WTF?! “Walmart is now following you on Twitter!”

November 25, 2010 at 15:55 (Freedoms, Protests and Boycotts, Rambles and Rumbles, Views and Opinions, Voluneering and Community Service, Work and Life)

First of all, let me preface this with the fact that I really don’t “get” Twitter yet.  I’ve tried.  I’ve got an account and all, and even used to make quasi-regular posts to it.  But despite my efforts, I never really “got” it, and pretty much gave up using it.  Granted, I linked it to my (aka this) blog recently, but that was just in some desperate attempt to attain readership and fame (hey, I try to be modest in my life, but I don’t often succeed!  Forgive me there…)

Anyways, I woke up for a second time today as about 1430 (that’s 2:30pm for those you can’t read military time).  No, the second sleep wasn’t cause by turkey-induced lethargy, but rather by pure exhausting at having been up since 5am VOLUNTEERING!  Today is the day of Eagle Ridge Institute’s major fund raiser, our 11th (or maybe 12th, I can’t remember now) annual Turkey Trot Classic.  So when the race was over and my Thanksgiving Day volunteering was done, I tried to sleep just a little more in preparation for Turkey Dinner later today.  Oh, and I had to crawl into bed beside a warm body to simply thaw out from the FREEZING COLD the race was held in today!

So, upon my second rising, I skipped to my computer to see if any real people had sent me an email.  Out of the 18 or so emails I had, none was the responsibility of a human hand directly, but the result of some cold server-computer somewhere who’s human overmasters are determined in getting my “holiday buck” this year.  Yes, 18 emails, and not ONE from a “real” person.  Sad, really.

To my shock (read: disgust, awe, aghast, and disturbance), I was greeting from Twitter with the following email:  “Walmart is now following you on Twitter!”  Pinching myself to ensure I’m still awake and this wasn’t some horrible dream (it hurt, so I was awake), I pondered what on EARTH I could have done to bring the interest of “Walmart”.  Yes, I know it isn’t the “REAL” Wal-Mart of Bentonville, Arkansas – despite their twitter name of “@RealWalmart“.  A cursory view of their tweets told me that obviousness (that, and they are “from” San Fransisco – huh?!).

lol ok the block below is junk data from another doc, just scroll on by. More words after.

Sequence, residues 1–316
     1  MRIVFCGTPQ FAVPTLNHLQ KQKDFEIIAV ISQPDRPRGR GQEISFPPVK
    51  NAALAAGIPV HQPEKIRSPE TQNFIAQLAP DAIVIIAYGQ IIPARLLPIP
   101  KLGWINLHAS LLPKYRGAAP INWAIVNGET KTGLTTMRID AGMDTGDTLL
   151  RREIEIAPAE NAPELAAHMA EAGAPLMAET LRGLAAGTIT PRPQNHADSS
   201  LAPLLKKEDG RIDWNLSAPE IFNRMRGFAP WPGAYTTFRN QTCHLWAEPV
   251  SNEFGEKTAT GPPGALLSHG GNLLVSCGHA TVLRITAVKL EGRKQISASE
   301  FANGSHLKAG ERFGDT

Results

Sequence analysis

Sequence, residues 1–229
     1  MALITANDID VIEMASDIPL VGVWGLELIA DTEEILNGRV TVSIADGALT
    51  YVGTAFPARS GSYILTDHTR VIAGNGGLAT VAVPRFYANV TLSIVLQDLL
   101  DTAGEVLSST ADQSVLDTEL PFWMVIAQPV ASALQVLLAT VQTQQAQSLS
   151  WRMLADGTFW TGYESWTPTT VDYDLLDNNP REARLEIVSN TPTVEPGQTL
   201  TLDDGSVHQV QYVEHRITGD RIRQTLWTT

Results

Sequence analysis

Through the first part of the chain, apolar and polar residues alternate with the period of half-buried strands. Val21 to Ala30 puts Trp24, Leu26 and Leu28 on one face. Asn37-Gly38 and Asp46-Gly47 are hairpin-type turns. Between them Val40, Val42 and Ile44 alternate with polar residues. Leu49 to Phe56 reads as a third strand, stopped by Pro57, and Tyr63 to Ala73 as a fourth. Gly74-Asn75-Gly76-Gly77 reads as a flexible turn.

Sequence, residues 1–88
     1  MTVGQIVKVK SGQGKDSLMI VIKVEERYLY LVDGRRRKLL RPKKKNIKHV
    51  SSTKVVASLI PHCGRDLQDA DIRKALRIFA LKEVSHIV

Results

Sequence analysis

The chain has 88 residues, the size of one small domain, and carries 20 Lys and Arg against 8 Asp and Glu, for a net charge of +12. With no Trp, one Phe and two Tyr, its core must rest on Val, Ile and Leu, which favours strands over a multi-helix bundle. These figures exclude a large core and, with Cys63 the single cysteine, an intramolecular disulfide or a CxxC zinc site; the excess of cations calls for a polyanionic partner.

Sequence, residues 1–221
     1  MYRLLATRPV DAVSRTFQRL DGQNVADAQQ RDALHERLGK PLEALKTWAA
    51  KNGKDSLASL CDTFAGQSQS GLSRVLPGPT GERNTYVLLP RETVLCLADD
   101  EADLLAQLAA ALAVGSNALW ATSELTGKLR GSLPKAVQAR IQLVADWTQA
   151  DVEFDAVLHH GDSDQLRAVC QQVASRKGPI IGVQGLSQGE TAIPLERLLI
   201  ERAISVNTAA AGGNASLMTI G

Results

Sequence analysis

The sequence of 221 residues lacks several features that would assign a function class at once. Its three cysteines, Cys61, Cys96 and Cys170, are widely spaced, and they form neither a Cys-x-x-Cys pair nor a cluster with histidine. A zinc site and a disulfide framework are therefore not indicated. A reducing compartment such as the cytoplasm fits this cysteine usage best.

Then I remembered the conversation I had with my husband yesterday.  While discussing basically unimportant things (like the recent episode of Futurama – Season 2 we had watched on NetFlix), I told him that I had been of recently conducting a voluntary, personal, and basically unstated boycott of Wal-Mart.  (Yes, however.  I am a hypocrite in that I still shop at Sam’s Club – but damn it, I LIKE Sam’s Club’s Pharmacy team!  They remember me, and are nice to me, and make me feel like a person, not just another shopper.  Still, I digress…)

My husband was a little surprised at my personal boycott.  First of all, I think he thinks it’s basically pointless.  My not shopping at W’s won’t really impact much on W’s bottom line.  But I know that, and it’s NOT my point in my boycott.  Over the past few months, it has become more important to me than ever to patronize organizations or companies that 1.) I like, and 2.) who’s business practices don’t disgust me in one way or another.  I’ve never really “liked” Wal-Mart to begin with – I have seen them as a mostly necessary evil in today’s society, and one that can’t easily be avoided, but I’ve never stretched my feelings to say I “liked” them.  Basically, I tolerated them, sort of like I tolerate the Oklahoma State Tax Commission.  Again, not an organization I “like”, but one that is pretty much unavoidable in life.